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With the Rittenhouse fiasco were a prosecutor pointed an assault rifle at jurors. Could SCOTUS give guidance as to how the issue of fire arms in the court room should be handled? And more specifically could SCOTUS regulate in what manner in which firearms are pointed. (Specifically not at jurors)

Would SCOTUS be able to govern such an issue or does that fall outside it's jurisdiction? I would be interested in what manner SCOTUS has influence on issues of a more practical nature in regards to lower courts.

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  • Your question seems to imply that it is legal or even common that somebody (the defendant?) points a gun at a juror during a trial. Is this really so? I would find it shocking if the defendant was allowed to carry a gun in the courtroom.
    – PMF
    Aug 1, 2023 at 11:08
  • @PMF Yes it was a thinly veiled comment on the Chauven case were a poppycock prosecutor pointed an assault rifle at jurors.
    – Neil Meyer
    Aug 1, 2023 at 11:13
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    Okay, I fear my poor example may be spoiling a question on whether SCOTUS can prescribe certain practicalities to lower courts
    – Neil Meyer
    Aug 1, 2023 at 11:26
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    I have made substantial edits in an attempt to improve this question.
    – Neil Meyer
    Aug 1, 2023 at 11:31
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    Generally each court makes its own rules of decorum, but criminal law applies. The federal supreme court has no jurisdiction to specify rules for state courts, but it may be able to do so for lower federal courts. There's no need to, however, as noted in Dale M's answer. A better question might be a hypothetical concerning the circumstances under which a person might be prosecuted -- is the judge involved in the decision, for example? Does a state police officer in a state or federal court have authority to arrest for an observed felony? How is the court bailiff involved? Etc.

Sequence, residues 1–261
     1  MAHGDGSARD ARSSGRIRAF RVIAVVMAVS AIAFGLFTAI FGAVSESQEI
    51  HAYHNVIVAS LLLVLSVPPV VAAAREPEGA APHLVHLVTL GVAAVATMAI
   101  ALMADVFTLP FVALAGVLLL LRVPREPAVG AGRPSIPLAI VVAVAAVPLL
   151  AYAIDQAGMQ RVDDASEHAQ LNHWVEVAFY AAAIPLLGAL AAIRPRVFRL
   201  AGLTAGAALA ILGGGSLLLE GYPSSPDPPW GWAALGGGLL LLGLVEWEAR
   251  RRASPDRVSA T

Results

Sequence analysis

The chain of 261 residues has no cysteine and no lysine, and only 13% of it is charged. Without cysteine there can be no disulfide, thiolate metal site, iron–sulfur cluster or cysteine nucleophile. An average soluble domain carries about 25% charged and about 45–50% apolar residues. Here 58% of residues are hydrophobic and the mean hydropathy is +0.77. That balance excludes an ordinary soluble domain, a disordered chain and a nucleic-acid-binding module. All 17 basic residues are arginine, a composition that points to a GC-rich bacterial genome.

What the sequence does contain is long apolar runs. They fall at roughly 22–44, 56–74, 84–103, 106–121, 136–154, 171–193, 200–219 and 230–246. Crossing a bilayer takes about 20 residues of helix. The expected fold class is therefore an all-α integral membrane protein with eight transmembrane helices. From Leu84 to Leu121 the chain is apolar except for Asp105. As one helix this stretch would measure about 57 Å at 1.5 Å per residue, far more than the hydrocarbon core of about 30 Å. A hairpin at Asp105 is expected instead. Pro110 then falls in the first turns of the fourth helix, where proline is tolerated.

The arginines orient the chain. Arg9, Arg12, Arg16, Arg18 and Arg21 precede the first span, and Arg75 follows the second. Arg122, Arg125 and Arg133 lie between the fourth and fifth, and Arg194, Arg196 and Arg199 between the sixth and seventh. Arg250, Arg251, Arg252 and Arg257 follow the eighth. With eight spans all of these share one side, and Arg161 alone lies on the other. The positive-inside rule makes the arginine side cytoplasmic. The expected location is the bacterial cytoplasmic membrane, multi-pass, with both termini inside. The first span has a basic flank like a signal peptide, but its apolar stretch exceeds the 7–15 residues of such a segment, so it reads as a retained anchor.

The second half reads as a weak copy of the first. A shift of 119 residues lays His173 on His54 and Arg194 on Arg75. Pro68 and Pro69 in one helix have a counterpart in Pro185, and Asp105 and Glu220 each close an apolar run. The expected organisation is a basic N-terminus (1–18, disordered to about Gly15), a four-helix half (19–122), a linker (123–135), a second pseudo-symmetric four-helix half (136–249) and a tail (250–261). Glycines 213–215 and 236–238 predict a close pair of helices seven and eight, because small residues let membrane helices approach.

– phoog
    Aug 1, 2023 at 12:33

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The U.S. Supreme Court has no jurisdiction to set everyday procedural rules in state court, although it can mandate processes that flow from the constitution. In criminal cases, this allows it to regulate courtroom conduct that is prejudicial to defendants. The U.S. Supreme Court, for example, has prohibited keeping criminal defendants facing trial in a cage in the courtroom as is common in many jurisdictions elsewhere in the world.

The Rittenhouse case took place in state court, over which the U.S. Supreme Court has limited authority in such matters.

On the other hand, the U.S. Supreme Court has broad authority to establish court rules in the federal courts and could adopt rules in those courts if it deemed fit, and if its proposed rules were not legislatively vetoed by Congress.

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